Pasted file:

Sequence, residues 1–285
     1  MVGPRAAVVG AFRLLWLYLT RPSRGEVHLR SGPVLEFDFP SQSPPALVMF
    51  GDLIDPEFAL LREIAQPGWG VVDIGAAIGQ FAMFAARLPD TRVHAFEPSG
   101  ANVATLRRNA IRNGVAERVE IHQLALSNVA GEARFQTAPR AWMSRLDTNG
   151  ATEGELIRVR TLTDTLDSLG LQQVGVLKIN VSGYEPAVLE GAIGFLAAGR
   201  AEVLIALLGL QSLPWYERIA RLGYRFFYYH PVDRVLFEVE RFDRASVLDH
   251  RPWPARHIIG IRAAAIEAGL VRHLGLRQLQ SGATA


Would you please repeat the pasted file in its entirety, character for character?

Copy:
Sequence, residues 1–285
     1  MVGPRAAVVG AFRLLWLYLT RPSRGEVHLR SGPVLEFDFP SQSPPALVMF
    51  GDLIDPEFAL LREIAQPGWG VVDIGAAIGQ FAMFAARLPD TRVHAFEPSG
   101  ANVATLRRNA IRNGVAERVE IHQLALSNVA GEARFQTAPR AWMSRLDTNG
   151  ATEGELIRVR TLTDTLDSLG LQQVGVLKIN VSGYEPAVLE GAIGFLAAGR
   201  AEVLIALLGL QSLPWYERIA RLGYRFFYYH PVDRVLFEVE RFDRASVLDH
   251  RPWPARHIIG IRAAAIEAGL VRHLGLRQLQ SGATA